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Fot. Terminator216, CC BY 4.0, via Wikimedia Commons

The Monument of the Three Crosses – one of the most recognisable symbols of Vilnius

The monument to the Three Crosses on Three Crosses Hill (Lit. Trijų kryžių kalnas) is one of the most recognisable symbols of Vilnius. It is also a mirror image of the history of the city and the whole country. The brick building was erected at the beginning of the 20th century and survived until the 1950s, when the Soviet authorities blew it up because it was an important religious accent in the city skyline. The monument was only rebuilt in 1989, after Lithuania regained its independence.

According to legend, seven Franciscans were martyred on Mount Lysá (now Třešėna) during the reign of Olgirdas. Four were thrown down into the Vileyka river, while three crosses with the bodies of the martyrs were erected on the summit. To commemorate their martyrdom, the Vilnius Franciscans erected three wooden crosses on Lysá hora between 1613 and 1636.

“Massacre of the Franciscans in 1333”. Y. Perleja, 1770. Photo by J. Perli – National Library. G.2036. Drėma V. Dingęs Vilnius. Vilnius, 2013.

However, the legend has not been confirmed by historical sources. Another one says that the crosses were erected after Lithuania was baptised, so that the Teutonic Knights who set out for Vilnius could see the Christian symbols from afar. According to the last theory, the crosses were erected in gratitude for the disappearance of the plague. In 1740, the crumbling structures were replaced by new ones, which lasted until 1869. When they needed to be replaced again, the Tsarist authorities did not allow them to be rebuilt. It was not until 1916, during the German occupation, that funds were raised on the initiative of Monsignor Kazimierz Michalkiewicz and concrete crosses were erected, designed by Vilnius sculptor Antoni Wiwulski.

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Photo from an interwar postcard depicting the monument, 1925. Photo by L. Wysocki – National Library. Postt.6079

The three crosses survived the Second World War and towered over Vilnius for 34 years. on 30 May 1950, by order of the Soviet authorities, they were unexpectedly blown up, as they were an important religious accent in the city skyline. Some of the ruins were taken away, while larger fragments were buried. In 1989, Lithuanian society decided to reconstruct the crosses as a memorial to the victims of Stalinism in Lithuania. The monument to the Three Crosses, rebuilt in 14 days, was unveiled on 14 June 1989 and consecrated by Cardinal Vincentas Sladkevičius. The architect of the reinforced concrete structure was H. K. Šilgalis.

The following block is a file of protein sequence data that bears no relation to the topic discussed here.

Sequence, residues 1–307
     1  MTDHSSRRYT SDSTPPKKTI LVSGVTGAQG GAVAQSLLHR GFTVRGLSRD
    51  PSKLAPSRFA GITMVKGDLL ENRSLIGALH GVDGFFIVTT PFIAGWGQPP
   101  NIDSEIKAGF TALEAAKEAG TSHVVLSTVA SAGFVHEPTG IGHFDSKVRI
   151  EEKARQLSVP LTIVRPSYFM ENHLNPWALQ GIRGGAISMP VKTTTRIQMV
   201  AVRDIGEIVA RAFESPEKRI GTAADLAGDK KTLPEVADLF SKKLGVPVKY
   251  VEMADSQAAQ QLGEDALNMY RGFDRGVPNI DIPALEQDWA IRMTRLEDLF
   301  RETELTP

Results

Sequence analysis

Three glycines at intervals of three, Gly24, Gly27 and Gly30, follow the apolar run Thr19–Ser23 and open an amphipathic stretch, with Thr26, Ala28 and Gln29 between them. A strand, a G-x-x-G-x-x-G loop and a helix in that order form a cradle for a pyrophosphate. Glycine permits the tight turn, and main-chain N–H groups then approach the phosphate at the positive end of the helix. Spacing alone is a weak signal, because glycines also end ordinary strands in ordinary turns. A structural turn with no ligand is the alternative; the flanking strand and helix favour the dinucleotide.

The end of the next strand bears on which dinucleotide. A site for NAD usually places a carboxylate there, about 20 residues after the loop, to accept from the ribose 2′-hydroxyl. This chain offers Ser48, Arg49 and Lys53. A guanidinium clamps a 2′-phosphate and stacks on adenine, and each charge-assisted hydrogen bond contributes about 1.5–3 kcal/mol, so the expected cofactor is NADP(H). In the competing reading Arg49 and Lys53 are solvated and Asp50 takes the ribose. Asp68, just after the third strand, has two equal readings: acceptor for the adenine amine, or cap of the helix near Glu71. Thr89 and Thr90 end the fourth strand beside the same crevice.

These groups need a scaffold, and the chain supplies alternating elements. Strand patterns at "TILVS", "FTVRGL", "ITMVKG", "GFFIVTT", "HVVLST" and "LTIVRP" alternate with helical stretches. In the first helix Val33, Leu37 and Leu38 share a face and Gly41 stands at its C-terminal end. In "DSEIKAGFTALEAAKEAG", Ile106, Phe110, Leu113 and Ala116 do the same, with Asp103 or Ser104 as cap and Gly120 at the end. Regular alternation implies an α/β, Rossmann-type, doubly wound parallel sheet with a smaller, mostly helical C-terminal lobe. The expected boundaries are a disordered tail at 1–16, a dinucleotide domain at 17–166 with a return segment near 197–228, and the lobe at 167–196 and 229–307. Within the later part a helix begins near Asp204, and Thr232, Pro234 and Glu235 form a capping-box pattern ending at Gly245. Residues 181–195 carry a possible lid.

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Photo Terminator216, CC BY 4.0, via Wikimedia Commons

Some of the unearthed remnants of the former monument have been walled into the foundations, while some can be seen below the monument. The new crosses are the same as the Wiwulski monument, only they have been raised by 1.8 metres and given a lighter colour. Today, the Hill of Three Crosses is located within the Upper Park (Kalnų Parkas), and from its top one can enjoy a beautiful panoramic view of Vilnius Old Town. the 12-metre-high monument has become a symbol of Lithuanian national identity. Nowadays, it is often illuminated with different colours to commemorate events important to Lithuania and the world. It still towers over Vilnius as it did more than a century ago.

Source: poznajwilno.pl, govilnius.lt

Read also: City | History | Sculpture | Lithuania | Interesting facts

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